In France, Marine Le Pen is the right-wing’s most visible and influential figure. The National Front (NF), which she leads, currently holds 24 of 74 seats in France’s European Parliament. She and her supporters claim to have been shunned by President François Hollande from the massive Paris national unity march held January 11. As a result, Le Pen held her own rally and recently wrote an OpEd appearing in the New York Times making it clear that in her view, the problem is Islam and “massive waves of immigration, both legal and clandestine.”

“Let us call things by their rightful names, since the French government seems reluctant to do so. France, land of human rights and freedoms, was attacked on its own soil by a totalitarian ideology: Islamic fundamentalism. It is only by refusing to be in denial, by looking the enemy in the eye, that one can avoid conflating issues,” Ms. Le Pen wrote.

The Charlie Hebdo incident—while throwing France into a state of fear and instability—may have in fact boosted Le Pen’s chances of becoming president when French elections are held in 2017. Pres. Hollande’s approval ratings, have jumped from historic lows in the mid to upper teens at the end of 2014, to 40 percent as of January 19, presumably as the nation came together in a show of solidarity in the aftermath of recent terror attacks. French polling data late last year actually had NF leader Le Pen beating him 54-46 percent.

Global Muslim response to provocation

Everyday life has been disrupted for many Muslims in Germany, France, the United Kingdom and other European Nations such as Belgium as anti-terrorism tactical officers round up activists. Mosques and many gathering places frequented by followers of Islam have been threatened and attacked.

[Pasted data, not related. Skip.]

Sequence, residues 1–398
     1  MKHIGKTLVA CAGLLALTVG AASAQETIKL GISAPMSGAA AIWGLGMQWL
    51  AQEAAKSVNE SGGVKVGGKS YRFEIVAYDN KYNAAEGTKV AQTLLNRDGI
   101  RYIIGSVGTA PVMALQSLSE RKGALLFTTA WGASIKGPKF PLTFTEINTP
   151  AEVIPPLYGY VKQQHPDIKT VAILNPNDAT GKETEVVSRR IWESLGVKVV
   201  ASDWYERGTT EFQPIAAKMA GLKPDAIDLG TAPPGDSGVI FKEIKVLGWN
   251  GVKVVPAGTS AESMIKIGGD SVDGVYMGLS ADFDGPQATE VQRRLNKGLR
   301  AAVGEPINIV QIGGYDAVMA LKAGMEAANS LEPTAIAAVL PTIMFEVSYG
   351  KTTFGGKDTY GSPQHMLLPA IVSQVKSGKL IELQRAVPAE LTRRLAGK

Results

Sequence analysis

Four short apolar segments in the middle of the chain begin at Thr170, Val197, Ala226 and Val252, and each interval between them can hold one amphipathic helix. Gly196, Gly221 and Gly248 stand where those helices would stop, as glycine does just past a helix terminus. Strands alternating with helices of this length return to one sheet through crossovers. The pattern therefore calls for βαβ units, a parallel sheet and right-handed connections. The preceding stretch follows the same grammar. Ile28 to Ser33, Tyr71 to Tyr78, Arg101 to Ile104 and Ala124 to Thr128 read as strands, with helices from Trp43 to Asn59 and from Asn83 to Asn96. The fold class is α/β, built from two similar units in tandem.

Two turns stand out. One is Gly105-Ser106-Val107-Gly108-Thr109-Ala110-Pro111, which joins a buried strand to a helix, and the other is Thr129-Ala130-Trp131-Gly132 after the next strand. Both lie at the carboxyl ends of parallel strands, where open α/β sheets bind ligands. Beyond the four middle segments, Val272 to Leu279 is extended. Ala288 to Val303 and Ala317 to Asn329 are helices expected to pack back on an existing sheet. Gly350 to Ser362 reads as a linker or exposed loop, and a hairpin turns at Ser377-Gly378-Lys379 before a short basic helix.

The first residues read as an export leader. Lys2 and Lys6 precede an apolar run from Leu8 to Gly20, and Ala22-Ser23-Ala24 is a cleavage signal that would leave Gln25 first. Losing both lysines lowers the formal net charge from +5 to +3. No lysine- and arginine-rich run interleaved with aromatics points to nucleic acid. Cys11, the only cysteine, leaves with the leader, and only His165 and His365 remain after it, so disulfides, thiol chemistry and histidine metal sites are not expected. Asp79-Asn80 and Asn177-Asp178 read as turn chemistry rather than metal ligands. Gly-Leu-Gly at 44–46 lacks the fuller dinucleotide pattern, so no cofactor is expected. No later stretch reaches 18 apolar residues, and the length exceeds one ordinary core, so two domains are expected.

The terror warning level in Belgium is now set at 3, the second highest level, following anti-terror raids in which two suspects were killed and a third wounded amid fears they allegedly planned attacks on police.

The decision by Charlie Hebdo to publish what is being called the “Survivor’s Edition” and reprinting offensive depictions of Prophet Muhammad simultaneously set off calls for restraint and another wave of anger in Muslim lands.

The Muslim Council of Britain is an umbrella organization with over 500 affiliated national, regional and local organizations, mosques, charities and schools. Fifty-four imams from across the country signed an open letter encouraging Muslims to respond to attacks “with dignified nobility” as anger and threats grew.

French far-right National Front party leader Marine Le Pen listens during a meeting at their headquarters in Nanterre, west of Paris. The anti-EU, anti-immigration National Front looks to gain more support as anti-Muslim sentiment grows in France after the attacks on weekly periodical Charlie Hebdo.